WE not chosen to run volunteer program because of Liberal ties, founders say

WE not chosen to run volunteer program because of Liberal ties, founders say

The Kielburgers say they haven’t spoken with Trudeau or the Prime Minister’s Office about the program

The co-founders of WE Charity say their organization was selected to run a student-volunteer program because of their history, not because of any close ties to Liberal cabinet ministers.

Appearing before the House of Commons finance committee today, brothers Craig and Marc Kielburger say they regret not realizing how the deal to have WE run the Canada Student Service Grant would be perceived.

In their opening statement, the brothers say they would have never agreed to take part in a federal student-volunteer program had they known it could jeopardize the work the WE organization has done over 25 years.

The duo are scheduled to speak for four hours at the committee today as part of a parliamentary probe into a $912-million that federal officials believed would cost $543 million — and that WE believed would actually cost even less.

WE Charity backed out of administering the program in early July amid a controversy over the Liberal government’s decision to award the organization a sole-sourced contract despite its close ties to Prime Minister Justin Trudeau.

Trudeau and his top aide, chief of staff Katie Telford, are to testify Thursday about the program and the deal with WE.

The Kielburgers say they haven’t spoken with Trudeau or the Prime Minister’s Office about the program.

READ MORE: PM Trudeau agrees to appear at House of Commons finance committee over WE deal

The federal ethics commissioner has launched probes of Trudeau and Finance Minister Bill Morneau over their involvement in cabinet decisions despite WE’s having paid Trudeau’s family members speaking fees, and Morneau’s familial ties to the group.

Further compounding problems for the finance minister was his admission last week that he had just repaid the organization more than $41,000 in travel expenses for WE-sponsored trips he and his family took three years ago.

Opposition MPs have raised multiple questions about the due diligence conducted on the organization, arguing that testimony to date suggests the group had the inside track on the contract to run the program.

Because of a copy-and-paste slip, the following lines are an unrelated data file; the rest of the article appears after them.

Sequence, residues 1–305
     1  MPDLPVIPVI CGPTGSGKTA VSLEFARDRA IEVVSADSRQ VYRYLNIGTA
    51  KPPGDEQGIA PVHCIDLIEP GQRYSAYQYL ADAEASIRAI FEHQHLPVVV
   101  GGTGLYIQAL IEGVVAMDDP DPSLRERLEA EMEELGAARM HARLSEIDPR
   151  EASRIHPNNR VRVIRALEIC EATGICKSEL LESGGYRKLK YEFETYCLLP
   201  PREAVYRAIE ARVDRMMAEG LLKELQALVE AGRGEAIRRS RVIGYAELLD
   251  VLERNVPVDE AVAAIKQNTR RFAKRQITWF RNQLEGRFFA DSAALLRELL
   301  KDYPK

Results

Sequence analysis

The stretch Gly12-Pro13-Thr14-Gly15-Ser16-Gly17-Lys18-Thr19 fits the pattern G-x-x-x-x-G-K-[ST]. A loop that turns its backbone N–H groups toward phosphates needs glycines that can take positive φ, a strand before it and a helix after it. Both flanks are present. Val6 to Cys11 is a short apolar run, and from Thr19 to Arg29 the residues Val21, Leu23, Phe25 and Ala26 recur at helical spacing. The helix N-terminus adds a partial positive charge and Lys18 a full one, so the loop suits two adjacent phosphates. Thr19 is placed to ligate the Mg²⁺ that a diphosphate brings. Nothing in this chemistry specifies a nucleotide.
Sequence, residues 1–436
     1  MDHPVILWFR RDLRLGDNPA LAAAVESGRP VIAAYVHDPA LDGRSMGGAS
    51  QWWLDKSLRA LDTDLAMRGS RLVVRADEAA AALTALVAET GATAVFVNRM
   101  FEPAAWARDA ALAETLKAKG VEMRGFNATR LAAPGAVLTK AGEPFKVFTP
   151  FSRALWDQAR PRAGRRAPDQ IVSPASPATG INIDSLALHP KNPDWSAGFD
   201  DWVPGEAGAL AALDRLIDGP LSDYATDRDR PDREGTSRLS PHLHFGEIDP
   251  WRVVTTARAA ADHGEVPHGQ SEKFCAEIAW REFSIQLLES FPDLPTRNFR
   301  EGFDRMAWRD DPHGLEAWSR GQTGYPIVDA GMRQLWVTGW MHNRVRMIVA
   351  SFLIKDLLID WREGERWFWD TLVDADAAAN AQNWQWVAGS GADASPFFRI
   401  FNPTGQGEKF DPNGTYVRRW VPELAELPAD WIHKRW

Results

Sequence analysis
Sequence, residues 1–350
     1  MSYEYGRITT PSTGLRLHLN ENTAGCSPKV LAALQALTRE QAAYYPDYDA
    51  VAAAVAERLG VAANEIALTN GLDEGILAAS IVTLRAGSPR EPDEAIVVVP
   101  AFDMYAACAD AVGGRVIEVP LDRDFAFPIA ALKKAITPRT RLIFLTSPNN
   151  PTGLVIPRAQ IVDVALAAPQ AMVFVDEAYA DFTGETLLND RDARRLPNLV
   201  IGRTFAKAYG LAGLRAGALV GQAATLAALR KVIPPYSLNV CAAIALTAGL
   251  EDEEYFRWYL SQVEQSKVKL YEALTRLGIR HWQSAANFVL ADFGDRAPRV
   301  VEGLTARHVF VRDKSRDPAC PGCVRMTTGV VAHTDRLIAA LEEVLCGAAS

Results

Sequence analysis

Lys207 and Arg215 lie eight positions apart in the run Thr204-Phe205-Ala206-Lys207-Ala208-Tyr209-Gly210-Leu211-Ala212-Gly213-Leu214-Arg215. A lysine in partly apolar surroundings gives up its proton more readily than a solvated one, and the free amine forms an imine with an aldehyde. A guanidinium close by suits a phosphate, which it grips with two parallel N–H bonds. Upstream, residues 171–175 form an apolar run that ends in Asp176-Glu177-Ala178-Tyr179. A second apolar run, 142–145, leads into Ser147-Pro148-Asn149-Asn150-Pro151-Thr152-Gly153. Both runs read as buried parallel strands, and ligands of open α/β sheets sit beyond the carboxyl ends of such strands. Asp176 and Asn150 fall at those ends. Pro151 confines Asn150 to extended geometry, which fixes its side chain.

The program is supposed to provide grants of $1,000 for every 100 hours of volunteering, up to a maximum of $5,000 as part of a government aid program to help defray the cost of school in the fall.

WE was to administer the program and connect young people with service opportunities through an online platform that would have also paid WE a fee worth $43.5 million if the program reached its maximum potential.

The Kielburgers say there was no financial benefit for the charity.

A copy of the agreement filed with the committee this week noted that the federal government only planned to spend $500 million in grants, even though the Liberals touted the program as having a $912-million budget.

A spokesperson for Employment and Social Development Canada, the federal department overseeing the program, says the $543 million was what officials estimated it would cost to administer and pay grants to up to 100,000 eligible students or recent graduates — “the expected uptake of the program.”

“If demand exceeded the number of grants funded in original (agreement), additional funding would have still been available for the program,” spokesman Michael O’Shaughnessy said.

During testimony, Marc Kielburger said WE expected few students to actually reach the maximum grant level, with the majority volunteering between 100 and 300 hours.

He said WE estimated the true cost of the program to be between $200 million and $300 million — or roughly one-third of what the government said when Trudeau announced the program.

WE was paid its first fees of $19.5 million on June 30 — seven days after one of its arms, WE Charity Foundation, signed the federal deal on June 23.

Former board chair Michelle Douglas said the foundation didn’t appear to have a purpose outside of holding real estate, nor did the board receive a satisfactory explanation for its existence. She added that she wasn’t aware of it operating during her time on the board.

Three days later, the organization backed out of the agreement. It has promised to repay every dollar it received, about $30 million, but was still sorting that out details.